Why Do I Listen at Length to Complete Strangers?
As a volunteer Listener for the Samaritans, I often find myself listening to someone for well over an hour with little interruption from me. While my role involves creating some empathy with the caller, including the occasional question or comment, so that they feel safe to talk freely about whatever distress they are feeling, the crucial part of the call is simply to listen without judgment. What Samaritans offer is not an advice line or counselling, but an open-hearted willingness to allow an unknown stranger to rediscover that kindness and patience are still the most basic traits of us humans, despite the harsher elements of the modern world that they may have been encountering.
If I think about the “why” on a deeper level, the answer to the question “why do I do it?” probably starts with my own feelings of appreciation for the gift of life. I’m not a religious person, but this recent quotation from Prem Rawat sums it up for me: “In its purest and most potent form, my gratitude for this life is for the gift itself; not what it enables me to do, just the experience of existing in this world right now.” [my emphasis added]
When you feel grateful, there’s a natural motivation to give something back to life.
In turn I feel a real sense of privilege at being able to provide a listening ear for strangers in distress - because of course the reason people feel safe to call the Samaritans is the reputation that has been built up over decades of providing this safe space where every call is treated with kindness and in strict confidence.
There is no doubt that there are many unpleasant things happening in the world today, whether it be on the level of politics, economics, ecology, society, family or personal. So many of the apparently well-meaning commentators in the media seem to spend most of their time looking for someone to blame. Not a lot of inspiration.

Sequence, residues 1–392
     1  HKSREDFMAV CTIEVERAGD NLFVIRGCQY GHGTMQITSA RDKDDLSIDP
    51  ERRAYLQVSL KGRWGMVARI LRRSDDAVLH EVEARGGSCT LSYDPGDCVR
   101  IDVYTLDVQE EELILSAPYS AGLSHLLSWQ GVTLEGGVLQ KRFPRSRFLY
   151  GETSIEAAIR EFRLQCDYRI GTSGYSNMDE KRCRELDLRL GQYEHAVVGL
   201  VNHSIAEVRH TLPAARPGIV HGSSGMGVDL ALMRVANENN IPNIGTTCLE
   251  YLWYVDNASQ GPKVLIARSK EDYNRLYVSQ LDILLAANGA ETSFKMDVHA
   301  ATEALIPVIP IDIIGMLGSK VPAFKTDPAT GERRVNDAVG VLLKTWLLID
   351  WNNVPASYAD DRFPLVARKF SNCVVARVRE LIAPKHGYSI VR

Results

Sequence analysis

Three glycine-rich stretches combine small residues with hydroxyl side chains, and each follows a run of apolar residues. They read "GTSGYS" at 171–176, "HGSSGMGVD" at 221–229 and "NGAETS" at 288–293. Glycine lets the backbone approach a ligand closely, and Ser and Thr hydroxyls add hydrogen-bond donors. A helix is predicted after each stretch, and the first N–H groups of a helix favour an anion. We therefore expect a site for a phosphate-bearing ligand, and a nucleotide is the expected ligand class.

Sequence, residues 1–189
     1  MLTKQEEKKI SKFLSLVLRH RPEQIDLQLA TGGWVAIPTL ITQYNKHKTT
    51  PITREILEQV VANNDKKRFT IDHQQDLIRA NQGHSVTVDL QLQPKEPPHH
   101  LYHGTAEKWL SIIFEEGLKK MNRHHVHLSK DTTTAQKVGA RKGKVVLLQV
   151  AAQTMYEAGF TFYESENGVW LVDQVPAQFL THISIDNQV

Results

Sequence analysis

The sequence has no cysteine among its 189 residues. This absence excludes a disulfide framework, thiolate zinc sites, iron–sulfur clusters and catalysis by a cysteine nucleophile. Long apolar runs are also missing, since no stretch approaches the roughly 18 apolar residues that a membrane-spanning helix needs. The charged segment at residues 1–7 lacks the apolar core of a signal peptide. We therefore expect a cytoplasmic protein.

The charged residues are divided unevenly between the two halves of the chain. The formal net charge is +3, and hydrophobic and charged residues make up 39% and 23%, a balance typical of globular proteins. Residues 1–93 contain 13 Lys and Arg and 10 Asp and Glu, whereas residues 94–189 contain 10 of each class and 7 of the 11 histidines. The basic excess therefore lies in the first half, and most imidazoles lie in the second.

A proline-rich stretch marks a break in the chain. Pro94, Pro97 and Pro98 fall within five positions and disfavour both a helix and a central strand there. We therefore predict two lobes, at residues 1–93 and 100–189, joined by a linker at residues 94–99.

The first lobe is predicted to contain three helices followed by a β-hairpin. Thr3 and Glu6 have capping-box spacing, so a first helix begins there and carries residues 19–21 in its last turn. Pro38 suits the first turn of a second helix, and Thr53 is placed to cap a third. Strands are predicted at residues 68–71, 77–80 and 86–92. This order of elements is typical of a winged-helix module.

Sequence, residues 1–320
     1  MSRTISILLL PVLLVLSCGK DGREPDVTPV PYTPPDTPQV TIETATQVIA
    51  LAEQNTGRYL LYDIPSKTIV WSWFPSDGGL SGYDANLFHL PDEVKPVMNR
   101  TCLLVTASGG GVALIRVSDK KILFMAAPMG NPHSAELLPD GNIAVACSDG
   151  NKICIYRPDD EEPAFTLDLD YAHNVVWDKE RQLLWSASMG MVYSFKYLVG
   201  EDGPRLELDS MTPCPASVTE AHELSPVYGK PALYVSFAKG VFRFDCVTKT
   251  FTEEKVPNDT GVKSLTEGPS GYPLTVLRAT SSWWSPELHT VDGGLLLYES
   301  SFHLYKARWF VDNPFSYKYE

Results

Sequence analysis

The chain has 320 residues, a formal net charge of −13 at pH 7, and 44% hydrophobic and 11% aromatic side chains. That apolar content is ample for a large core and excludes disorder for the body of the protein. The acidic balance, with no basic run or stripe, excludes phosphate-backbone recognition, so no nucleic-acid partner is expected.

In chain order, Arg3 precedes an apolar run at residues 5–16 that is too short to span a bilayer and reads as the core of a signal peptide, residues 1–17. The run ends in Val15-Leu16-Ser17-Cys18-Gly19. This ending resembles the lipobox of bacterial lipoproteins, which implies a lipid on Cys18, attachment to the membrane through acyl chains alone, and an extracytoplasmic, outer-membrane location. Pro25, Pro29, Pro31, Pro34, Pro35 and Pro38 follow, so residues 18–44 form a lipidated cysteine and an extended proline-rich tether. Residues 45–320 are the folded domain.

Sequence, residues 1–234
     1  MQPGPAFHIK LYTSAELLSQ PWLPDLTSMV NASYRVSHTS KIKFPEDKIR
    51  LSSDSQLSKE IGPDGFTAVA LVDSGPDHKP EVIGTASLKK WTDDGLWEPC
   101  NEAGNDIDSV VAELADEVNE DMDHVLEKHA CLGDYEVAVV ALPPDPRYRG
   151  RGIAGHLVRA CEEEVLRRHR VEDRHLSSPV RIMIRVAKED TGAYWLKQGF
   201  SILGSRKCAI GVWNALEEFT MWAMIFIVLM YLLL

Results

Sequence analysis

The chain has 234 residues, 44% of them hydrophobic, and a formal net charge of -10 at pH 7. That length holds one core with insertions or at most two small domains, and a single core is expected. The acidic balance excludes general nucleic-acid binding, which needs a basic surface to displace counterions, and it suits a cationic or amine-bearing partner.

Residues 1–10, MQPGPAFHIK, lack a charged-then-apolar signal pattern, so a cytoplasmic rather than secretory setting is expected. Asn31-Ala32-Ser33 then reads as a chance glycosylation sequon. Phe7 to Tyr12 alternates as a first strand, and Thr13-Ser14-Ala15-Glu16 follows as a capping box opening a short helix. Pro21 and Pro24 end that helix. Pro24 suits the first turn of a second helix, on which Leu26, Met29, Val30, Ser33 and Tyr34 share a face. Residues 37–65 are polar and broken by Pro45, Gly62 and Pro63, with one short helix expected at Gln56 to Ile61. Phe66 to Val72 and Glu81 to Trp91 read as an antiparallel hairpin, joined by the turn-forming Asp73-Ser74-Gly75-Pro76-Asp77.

So it’s wonderful to be part of a team that has this one common thread – the recognition that every human being deserves to be treated with dignity and compassion whatever they are going though, even where they have reached a point where suicide seems the only option. And though we don’t tend to talk about it as a group, I believe every Samaritan Listener has a store of gratitude that gives them the patience to keep picking up the phone, no matter how taxing the last call might have been.
There are about 70 volunteers at my local branch - an amazingly varied group from all walks of life and age groups. Eight of us are participating in this month’s Samarathon – 26.2 miles over the course of July (so no big sweat…!). I’ve managed the miles, but I’m well short of my fundraising target – and embarrassingly far behind other members of the team...!
This is the Samarathon message to our supporters:
Samaritans know that life can sometimes be incredibly tough. Each year, our 20,000 volunteers answer more than 5 million calls for help by phone, email, SMS, letter, and face-to-face visits at one of our local branches or in local communities right across the UK and Republic of Ireland. We're here 24/7, before, during and after a crisis for anyone struggling to cope. This life-saving work wouldn’t be possible without the generosity of our amazing supporters. Thank you.
So if you’d like to donate – anything from £1 to £100 as a thumbs up for the Samaritans will be wonderful – please click here.